5 First World Privileges You Haven’t Fully Realised

First World Privileges

Sometimes it takes living somewhere completely different to fully realize all of the things you should be grateful for at home. While most important on that list should be family and friends – in terms of machines of convince – you might be surprised to reflect on some of the most basic things we use everyday at home without ever thinking about them.

1. Washing machine

washing machine

How much do you fully enjoy that you can clean and dry your clothes within 3 hours with no more work than pressing some buttons? Seriously amazing. When it comes to living in Uganda – all clothes are washed by hand. This means going to the well to collect the water – bringing it back and setting up a system to hand scrub each article of clothing with a bar of soap, with a double round of rinsing and then laying out on the grass to dry. It takes some practice to get your clothes fully clean as well as a couple hours of time. If you are washing for multiple people – it’s a full time activity.

2. Water from the wall

water from the wall

When you are thirsty for a glass of water – you might just go to the tap and pour yourself a tall glass of fresh water. Not everyone in the world has that privilege. Here in the villages of Uganda – to get one glass of water you must first walk to the nearest well (which might be many miles) and then fill up these 20 liter yellow plastic jugs. On the way home gather firewood and balance it on top of your head. Once returning home, start a fire and boil the water pot by pot. Once the water has boiled for at least 10-15 minutes – you leave to cool. In a couple hours the water will have cooled to room temperature and you may finally take your glass of water. Think of how much water you use everyday – for showers, for washing dishes, for washing clothes, for drinking and for cooking – all you might do is turn a knob…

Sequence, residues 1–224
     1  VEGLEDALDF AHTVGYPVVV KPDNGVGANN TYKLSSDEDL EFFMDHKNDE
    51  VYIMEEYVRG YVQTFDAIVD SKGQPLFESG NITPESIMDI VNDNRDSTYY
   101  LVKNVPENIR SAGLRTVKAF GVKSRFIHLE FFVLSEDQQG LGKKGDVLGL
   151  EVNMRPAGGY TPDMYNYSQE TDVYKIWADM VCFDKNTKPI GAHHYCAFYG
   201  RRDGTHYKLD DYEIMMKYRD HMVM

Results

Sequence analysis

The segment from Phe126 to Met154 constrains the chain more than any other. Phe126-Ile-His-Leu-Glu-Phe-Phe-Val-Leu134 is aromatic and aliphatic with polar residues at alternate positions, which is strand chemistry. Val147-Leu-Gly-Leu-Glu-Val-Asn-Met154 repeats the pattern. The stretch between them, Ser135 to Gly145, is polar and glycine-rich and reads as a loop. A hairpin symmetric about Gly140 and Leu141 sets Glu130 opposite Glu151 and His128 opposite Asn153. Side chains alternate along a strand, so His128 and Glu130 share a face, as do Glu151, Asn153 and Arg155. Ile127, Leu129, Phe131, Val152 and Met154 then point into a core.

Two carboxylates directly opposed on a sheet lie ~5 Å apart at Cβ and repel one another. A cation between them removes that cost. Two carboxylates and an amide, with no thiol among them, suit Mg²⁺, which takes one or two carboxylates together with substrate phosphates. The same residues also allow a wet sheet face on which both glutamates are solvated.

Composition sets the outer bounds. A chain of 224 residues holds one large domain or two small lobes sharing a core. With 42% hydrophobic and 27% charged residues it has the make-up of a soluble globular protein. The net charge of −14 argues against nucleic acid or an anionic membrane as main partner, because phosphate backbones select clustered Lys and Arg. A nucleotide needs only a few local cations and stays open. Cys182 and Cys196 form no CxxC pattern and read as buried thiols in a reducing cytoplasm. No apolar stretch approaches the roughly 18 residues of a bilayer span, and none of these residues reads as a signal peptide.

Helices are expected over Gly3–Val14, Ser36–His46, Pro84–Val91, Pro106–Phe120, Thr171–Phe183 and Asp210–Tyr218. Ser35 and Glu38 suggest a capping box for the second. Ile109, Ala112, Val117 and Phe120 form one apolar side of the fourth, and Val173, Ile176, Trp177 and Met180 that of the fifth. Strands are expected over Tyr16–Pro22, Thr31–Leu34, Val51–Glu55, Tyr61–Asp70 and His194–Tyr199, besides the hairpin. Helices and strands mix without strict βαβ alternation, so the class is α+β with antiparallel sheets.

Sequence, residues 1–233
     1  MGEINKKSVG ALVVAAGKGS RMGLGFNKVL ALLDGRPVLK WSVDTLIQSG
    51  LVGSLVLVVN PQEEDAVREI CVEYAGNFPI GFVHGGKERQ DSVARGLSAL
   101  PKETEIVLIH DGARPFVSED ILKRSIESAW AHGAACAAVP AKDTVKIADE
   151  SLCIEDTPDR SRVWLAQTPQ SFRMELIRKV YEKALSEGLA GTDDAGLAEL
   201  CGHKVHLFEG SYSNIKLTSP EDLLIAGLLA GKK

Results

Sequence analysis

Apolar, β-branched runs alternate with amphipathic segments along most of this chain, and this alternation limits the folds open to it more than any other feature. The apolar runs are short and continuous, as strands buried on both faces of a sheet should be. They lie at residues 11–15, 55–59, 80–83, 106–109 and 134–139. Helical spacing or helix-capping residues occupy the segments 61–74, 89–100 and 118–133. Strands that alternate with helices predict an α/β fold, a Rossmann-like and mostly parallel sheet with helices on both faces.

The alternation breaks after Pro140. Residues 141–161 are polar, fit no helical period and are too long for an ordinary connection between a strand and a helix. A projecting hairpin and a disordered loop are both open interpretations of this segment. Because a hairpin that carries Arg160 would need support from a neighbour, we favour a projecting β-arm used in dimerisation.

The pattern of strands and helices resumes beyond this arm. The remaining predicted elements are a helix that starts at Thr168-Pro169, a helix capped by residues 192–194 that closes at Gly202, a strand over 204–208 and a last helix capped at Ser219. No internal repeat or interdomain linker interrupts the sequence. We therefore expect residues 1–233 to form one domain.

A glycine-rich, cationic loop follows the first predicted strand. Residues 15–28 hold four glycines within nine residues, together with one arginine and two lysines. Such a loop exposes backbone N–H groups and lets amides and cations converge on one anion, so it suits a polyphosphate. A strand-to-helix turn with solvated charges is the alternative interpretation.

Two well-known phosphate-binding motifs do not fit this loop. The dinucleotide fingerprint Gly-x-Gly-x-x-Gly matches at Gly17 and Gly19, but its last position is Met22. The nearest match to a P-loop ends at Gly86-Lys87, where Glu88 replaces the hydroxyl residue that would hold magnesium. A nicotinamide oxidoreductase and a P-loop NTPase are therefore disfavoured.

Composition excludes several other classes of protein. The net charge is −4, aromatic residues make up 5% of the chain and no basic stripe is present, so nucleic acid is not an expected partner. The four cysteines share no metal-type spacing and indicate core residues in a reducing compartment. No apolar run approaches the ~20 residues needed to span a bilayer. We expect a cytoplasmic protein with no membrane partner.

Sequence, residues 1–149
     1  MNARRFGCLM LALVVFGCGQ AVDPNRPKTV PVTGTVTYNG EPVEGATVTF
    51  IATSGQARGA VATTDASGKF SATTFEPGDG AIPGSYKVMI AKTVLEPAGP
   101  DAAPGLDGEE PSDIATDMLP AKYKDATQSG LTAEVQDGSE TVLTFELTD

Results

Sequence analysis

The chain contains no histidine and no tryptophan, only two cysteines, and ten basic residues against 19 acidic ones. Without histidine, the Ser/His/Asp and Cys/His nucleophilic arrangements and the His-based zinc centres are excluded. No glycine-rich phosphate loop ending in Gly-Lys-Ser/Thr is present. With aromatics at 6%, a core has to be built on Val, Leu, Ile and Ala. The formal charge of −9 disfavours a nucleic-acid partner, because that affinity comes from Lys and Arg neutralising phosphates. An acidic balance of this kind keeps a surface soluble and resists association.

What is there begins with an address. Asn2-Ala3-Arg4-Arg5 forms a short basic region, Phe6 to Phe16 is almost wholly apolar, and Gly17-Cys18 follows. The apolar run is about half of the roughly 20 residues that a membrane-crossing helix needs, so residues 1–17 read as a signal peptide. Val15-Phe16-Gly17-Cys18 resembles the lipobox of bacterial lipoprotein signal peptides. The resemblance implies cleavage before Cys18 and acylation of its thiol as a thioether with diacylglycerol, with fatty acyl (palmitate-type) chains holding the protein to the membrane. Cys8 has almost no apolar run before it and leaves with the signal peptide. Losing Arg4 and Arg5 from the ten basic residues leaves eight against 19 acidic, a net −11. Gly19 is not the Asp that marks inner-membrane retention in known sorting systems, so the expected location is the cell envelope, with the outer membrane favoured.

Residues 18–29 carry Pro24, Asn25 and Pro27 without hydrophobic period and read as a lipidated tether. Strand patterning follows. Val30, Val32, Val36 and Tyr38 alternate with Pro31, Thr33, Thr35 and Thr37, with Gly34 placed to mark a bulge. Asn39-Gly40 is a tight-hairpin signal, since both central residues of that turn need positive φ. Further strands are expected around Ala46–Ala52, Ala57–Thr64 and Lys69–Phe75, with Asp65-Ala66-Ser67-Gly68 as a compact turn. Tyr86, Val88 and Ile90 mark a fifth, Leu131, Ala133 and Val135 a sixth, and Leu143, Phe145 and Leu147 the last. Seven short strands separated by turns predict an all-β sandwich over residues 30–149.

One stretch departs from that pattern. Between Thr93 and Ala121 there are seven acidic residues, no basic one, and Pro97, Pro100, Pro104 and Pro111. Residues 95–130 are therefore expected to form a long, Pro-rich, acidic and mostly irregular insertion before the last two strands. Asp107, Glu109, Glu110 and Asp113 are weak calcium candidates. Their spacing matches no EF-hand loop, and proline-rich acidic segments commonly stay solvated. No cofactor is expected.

3. Refrigerator


Need to keep your food from spoiling? Maybe you have left overs from last nights dinner? Maybe you don’t feel like going to the store everyday so you buy enough food for the entire week in one trip? Again, that is a privilege that some might now think about every time they open the fridge door. Refrigerators not only help store food for longer periods, but help to keep food safe from diseases and contamination. It is very rare to find refrigerators in Uganda and almost non – existent outside the cities.


4. Light bulbs


This one seems obvious. But you might not fully appreciate how the rhythms of life are so greatly affected by the absence of light at night. While some places you might find people use candles to help give them light at night – many homes do not have that privilege. If there is work that you need light to complete that isn’t near the fire – you better get it done by the time the sun drops below the horizon. Very different from just walking into any room and switching on the light.


5. Stoves


Just want a quick hot meal – no problem, run over to the stove and pour your food into the pan, turn the knob and… Wait. Not everywhere can that happen. Almost everywhere in Uganda food is prepared over a fire. Even in the cities, women bend over hot, one pot charcoal stoves and produce some delicious multiple dish meals. There are no ovens. If you want to make a meal – you must first start the fire and wait for the coals to be ready. Then you adjust the temperature by adding more or less charcoal to the stove.

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